Research and development, new technology will help boost Okanagan tree fruit production
February 14, 2014 - Vancouver, B.C. - Agriculture and Agri-Food Canada and the B.C. Ministry of Agriculture
Three projects by the B.C. Tree Fruits Cooperative (BCTFC) will tackle tree cankers and cherry packing efficiencies to boost net returns of growers. The BCTFC is receiving joint federal-provincial funding for a three-year study testing control methods for tree cankers, to improve fruit tree health. Funding is also being provided for installation of the latest technologies to two cherry packing lines, in Oliver and Kelowna. All three projects will help to improve the agriculture sector, supporting both export and domestic markets:
- A $125,000 investment to study the health of fruit trees and their production levels with different control methods for tree cankers, an ongoing and increasing challenge in the B.C. apple industry. Tree cankers can be devastating to tree fruit production, and this project will test five different blight and canker control methods, a combination of cultural, biological, and chemical options. By developing an integrated approach to managing tree cankers, tree health will improve, fruit yields will rise, and production losses will decrease.
- BCTFC's packing line in Oliver supports the domestic cherry market and through the addition of a new type of automated trickle filler, packing capacity will increase by 50%. For the 2014 season, this facility will be able to process up to 5 million pounds of cherries. A $43,500 investment is coming from the Canada-B.C. Tree Fruit Marketing and Infrastructure Innovation Initiative (TFMIII).
- Cherry packing will also see improvements through a new technology upgrade in Kelowna, thanks to an investment of just over $500,000 from the Canada-B.C.TFMIII. The cherry export market, which is B.C.'s most valuable exported tree fruit crop, is largely supported by the BCTFC's Kelowna line, and the new technology upgrade will increase production from 2 tons per hour to 5.3 tons per hour.
- B.C.'s marketed production of sweet cherries was 13,633 metric tons in 2012, with a farm gate value of $40.4 million. This represents 99% of production in Canada and over 98% of the national sweet cherry crop farm gate value.
- As a net exporter and a leading province for exporting fresh cherries, B.C. is responsible for over 97% of the total amount of fresh cherries exported in Canada. B.C.'s sweet cherry exports have more than tripled in the last decade going from 2,031 metric tons in 2003 to 7,337 metric tons in 2012, while the value of B.C. cherry exports has gone from $11.3M to $41.7M in the same timeframe, making sweet cherries B.C.'s most valuable exported tree fruit crop.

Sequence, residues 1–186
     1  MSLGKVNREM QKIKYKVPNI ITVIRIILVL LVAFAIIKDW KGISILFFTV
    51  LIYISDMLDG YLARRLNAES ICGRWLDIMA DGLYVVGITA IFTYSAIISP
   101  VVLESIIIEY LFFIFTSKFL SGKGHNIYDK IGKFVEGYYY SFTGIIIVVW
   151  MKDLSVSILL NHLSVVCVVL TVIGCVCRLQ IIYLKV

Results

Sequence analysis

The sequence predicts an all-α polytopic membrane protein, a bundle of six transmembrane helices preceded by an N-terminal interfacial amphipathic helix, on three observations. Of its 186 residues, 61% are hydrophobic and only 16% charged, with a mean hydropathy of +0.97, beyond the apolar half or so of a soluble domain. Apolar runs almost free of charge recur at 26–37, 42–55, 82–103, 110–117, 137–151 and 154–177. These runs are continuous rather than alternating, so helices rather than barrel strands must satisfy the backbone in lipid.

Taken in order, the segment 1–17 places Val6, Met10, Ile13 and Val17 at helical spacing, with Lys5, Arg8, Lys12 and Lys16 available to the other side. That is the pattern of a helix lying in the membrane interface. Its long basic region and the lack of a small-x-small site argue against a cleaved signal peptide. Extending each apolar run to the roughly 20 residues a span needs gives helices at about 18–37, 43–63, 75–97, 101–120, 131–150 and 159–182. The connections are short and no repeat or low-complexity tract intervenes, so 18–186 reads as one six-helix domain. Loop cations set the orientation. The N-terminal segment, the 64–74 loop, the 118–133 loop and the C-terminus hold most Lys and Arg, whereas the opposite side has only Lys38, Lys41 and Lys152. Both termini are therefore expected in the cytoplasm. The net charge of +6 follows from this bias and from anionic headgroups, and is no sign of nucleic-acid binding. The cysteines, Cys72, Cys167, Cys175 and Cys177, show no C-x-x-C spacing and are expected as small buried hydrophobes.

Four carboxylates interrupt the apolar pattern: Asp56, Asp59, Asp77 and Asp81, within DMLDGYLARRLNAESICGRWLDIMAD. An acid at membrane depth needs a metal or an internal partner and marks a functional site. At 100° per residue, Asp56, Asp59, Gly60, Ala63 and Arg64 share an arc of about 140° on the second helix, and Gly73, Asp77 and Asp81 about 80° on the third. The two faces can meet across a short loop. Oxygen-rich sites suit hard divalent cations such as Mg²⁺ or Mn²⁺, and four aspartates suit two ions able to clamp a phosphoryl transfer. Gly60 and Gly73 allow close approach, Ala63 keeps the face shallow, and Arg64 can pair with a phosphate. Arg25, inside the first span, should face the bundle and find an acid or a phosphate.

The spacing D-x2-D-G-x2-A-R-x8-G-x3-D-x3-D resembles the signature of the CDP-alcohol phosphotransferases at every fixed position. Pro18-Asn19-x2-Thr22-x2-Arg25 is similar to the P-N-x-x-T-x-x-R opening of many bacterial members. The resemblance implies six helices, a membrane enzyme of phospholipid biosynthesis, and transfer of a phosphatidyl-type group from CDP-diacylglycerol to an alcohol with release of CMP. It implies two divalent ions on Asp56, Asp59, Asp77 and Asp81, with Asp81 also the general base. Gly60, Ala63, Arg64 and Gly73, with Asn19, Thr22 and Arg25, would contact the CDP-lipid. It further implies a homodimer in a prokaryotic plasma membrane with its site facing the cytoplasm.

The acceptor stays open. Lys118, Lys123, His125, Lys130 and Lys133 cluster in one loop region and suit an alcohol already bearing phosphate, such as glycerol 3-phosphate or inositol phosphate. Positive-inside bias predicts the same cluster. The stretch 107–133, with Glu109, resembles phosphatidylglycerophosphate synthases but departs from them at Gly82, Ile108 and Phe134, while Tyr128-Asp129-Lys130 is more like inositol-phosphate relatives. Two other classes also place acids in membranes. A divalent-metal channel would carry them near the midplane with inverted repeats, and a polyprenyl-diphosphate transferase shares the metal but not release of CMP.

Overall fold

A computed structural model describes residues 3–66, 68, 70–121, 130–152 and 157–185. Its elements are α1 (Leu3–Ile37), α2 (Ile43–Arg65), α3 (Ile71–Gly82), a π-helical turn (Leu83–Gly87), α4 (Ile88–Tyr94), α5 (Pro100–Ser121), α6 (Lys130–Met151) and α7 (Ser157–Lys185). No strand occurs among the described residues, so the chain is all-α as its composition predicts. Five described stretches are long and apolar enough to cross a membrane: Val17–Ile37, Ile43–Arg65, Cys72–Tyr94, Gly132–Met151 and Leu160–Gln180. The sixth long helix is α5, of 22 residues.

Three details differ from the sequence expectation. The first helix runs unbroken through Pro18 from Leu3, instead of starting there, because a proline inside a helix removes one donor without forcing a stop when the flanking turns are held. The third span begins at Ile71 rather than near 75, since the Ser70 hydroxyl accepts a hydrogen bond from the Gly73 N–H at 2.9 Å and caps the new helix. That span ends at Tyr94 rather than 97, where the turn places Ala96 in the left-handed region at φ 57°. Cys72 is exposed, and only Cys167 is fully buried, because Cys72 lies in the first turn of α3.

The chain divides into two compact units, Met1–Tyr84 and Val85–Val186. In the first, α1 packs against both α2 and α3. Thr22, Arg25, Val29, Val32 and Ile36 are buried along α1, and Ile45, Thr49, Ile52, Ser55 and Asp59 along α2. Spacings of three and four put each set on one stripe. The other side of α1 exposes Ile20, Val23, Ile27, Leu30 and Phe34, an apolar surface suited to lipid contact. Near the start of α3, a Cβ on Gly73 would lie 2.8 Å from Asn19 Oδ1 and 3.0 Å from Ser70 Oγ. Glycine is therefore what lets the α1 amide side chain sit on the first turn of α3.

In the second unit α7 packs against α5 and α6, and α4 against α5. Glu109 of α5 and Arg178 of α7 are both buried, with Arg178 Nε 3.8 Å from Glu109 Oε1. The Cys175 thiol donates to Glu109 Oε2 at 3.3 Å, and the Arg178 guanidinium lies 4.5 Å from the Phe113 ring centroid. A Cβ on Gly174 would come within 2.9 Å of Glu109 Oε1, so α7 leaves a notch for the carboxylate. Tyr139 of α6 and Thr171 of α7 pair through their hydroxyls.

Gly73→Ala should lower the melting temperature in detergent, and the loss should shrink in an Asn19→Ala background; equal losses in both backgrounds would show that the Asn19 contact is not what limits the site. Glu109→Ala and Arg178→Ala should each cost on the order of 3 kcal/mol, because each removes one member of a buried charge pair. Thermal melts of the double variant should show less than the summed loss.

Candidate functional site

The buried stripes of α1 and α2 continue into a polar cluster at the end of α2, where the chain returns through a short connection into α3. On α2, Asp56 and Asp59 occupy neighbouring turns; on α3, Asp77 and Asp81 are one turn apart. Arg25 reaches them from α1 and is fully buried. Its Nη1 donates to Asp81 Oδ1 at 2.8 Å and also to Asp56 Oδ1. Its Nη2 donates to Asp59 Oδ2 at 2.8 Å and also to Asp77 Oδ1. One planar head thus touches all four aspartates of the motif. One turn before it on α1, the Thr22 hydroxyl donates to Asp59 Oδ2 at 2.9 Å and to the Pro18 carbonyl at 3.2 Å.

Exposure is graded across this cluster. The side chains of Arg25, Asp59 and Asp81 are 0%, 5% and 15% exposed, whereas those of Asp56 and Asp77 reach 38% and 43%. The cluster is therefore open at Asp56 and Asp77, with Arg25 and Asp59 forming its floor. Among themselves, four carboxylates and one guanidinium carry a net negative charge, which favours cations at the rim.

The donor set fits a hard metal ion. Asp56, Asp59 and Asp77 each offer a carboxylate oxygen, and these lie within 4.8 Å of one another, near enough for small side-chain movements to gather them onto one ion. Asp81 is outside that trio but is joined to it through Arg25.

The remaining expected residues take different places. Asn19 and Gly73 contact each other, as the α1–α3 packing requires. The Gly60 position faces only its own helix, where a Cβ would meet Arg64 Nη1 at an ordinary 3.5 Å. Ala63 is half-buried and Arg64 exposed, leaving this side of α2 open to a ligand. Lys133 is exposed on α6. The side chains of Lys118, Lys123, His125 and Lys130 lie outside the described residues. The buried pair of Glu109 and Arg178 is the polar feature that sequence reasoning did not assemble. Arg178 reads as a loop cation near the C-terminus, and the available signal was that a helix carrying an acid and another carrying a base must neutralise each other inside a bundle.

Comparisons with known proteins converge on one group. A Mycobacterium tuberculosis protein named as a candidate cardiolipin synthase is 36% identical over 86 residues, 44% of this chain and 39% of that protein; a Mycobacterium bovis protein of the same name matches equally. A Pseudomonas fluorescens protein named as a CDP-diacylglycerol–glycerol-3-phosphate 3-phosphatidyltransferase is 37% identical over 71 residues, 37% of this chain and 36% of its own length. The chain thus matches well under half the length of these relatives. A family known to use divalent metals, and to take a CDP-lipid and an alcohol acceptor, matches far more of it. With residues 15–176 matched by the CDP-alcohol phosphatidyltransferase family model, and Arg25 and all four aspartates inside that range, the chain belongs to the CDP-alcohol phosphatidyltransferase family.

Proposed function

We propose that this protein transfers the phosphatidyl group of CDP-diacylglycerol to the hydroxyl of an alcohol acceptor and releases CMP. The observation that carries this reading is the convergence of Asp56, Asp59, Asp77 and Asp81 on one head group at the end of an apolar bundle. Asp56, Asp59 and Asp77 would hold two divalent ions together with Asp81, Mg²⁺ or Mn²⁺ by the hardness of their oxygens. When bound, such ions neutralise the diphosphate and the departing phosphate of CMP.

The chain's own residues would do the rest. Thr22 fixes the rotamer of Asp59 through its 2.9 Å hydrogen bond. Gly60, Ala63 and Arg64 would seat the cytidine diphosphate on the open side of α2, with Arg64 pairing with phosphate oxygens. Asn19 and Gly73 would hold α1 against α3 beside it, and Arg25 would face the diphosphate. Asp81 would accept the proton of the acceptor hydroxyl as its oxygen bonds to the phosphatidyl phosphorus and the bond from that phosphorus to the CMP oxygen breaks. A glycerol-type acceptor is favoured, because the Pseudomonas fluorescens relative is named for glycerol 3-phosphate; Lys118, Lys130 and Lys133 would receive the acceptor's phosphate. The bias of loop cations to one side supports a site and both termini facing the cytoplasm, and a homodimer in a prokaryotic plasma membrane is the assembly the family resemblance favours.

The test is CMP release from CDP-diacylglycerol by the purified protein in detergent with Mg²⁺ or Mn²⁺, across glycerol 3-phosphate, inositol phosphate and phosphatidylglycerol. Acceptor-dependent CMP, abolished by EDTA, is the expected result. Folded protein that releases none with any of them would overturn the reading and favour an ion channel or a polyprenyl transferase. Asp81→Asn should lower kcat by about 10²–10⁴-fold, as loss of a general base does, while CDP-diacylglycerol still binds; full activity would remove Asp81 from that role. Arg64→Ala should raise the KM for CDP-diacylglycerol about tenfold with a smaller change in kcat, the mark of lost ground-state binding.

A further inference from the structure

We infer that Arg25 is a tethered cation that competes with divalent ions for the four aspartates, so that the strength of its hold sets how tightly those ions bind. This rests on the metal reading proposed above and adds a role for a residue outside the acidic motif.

- Apples represent over three quarters of all B.C. tree fruit production. Nearly 92% of the apple crop is sold fresh, with British Columbians consuming around 25% of the apples grown in the province.
- Formerly known as the Okanagan Tree Fruits Cooperative, the BCTFC has a long standing strong reputation for packing tree fruit, and over the past year has invested in facilities upgrades in Kelowna, Oliver and Winfield.
- The Canada-B.C.TFMIII is funded by the federal AgriFlexibility program and the Province of B.C.
"Projects like these - focused on science, innovation, and technological improvements - will help to ensure that B.C. growers can continue to produce top-quality products for domestic and international markets while creating jobs and growing our economy."Gerry Ritz, Minister of Agriculture
"This funding will help B.C. growers with sector-wide benefits including the opportunity to earn new dollars and increase jobs. We will continue to work with our tree fruit industry and food producing families in developing innovative products while increasing exports."Pat Pimm, B.C. Minister of Agriculture
"BC Tree Fruits Cooperative is thankful for the support from both the federal and provincial governments with regards to these projects. This funding not only shows the commitment both governments have to the BC tree fruit industry, but allows us to invest in state of the art technology which enables our Cooperative to compete successfully in both the domestic and export markets."Alan Tyabji, Chief Executive Officer, BC Tree Fruits Cooperative
Jeff English Director of Communications Office of the Honourable Gerry Ritz 613-773-1059
This document was issued by Embassy of Canada in France and was initially posted at news.gc.ca. It was distributed, unedited and unaltered, by noodls on 2014-02-14 23:18:32. The original document issuer is solely responsible for the accuracy of the information contained therein.